I'm getting a lesson in the use of internet resources for Bible study this week. The BSD studies require a LOT of looking up of different scriptural references. Although the lessons vary, you usually look up 10 to 20 different citations in addition to the assigned reading. That's a lot of thumbing through your Bible.
There are several websites that let you search the Bible by book, chapter and verse in many many different translations. One of the most straightforward and easy to use is Bible Gateway. It seems some diligent ladies in the group have used this method to find the verses for every lesson for the entire year and printed them out.
I got a copy of one of these supplements and used it this week. It is a great timesaver, which I really needed today. When I have more time, I like to use these sites to compare different translations, especially when I find the meaning of the verses difficult. It's always interesting to see what The Message version is.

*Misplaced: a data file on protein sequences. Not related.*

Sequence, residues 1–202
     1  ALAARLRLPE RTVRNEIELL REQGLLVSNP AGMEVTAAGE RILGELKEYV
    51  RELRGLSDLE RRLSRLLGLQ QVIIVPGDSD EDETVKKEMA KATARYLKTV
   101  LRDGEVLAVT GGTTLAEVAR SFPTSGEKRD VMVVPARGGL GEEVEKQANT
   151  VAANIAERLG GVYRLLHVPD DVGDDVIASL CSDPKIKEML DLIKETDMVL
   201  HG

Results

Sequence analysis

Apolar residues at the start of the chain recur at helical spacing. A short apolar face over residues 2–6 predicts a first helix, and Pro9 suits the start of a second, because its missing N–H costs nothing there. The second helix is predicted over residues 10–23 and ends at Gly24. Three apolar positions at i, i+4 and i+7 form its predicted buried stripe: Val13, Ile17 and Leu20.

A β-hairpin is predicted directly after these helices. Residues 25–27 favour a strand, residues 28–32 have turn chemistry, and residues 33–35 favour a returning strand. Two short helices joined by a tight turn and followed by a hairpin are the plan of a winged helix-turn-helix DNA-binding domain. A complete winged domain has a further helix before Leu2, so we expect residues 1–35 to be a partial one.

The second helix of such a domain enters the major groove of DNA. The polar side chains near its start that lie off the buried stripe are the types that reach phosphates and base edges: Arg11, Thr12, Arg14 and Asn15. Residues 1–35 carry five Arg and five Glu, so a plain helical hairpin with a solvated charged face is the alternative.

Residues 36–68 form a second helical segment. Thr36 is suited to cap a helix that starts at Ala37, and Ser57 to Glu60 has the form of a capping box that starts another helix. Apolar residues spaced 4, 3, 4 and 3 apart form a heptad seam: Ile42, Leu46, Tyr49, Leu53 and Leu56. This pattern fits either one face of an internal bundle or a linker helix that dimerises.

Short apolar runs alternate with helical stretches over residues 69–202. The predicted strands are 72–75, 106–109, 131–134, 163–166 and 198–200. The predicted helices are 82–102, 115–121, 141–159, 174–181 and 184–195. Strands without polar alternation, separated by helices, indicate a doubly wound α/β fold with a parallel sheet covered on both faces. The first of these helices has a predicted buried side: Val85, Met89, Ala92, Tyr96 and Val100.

It's probably a generational thing, but it doesn't seem as much like Bible study to me if I'm not putting my hands on my trusty Access Bible while working through the lesson. And I think of myself as being pretty good with computers! I bet that is not the reaction of the young women in the group who have used computers all their lives.
When El Jefe and I were in New Haven last weekend we stopped at the Beinecke Rare Book and Manuscript Library, where he worked in his student days. We saw the copy of the Gutenburg Bible which is a very large folio-size volume with calligraphic style printing of the Latin text, bound in fine leather.Whether hewn on stone tablets, handwritten on papyrus, printed on a primitive press, published with modern word processing, or residing on the internet in the form of electric impulses, the Bible is the Word, regardless of its medium. The medium is not the message, after all, just the messenger.
I must remind myself of that!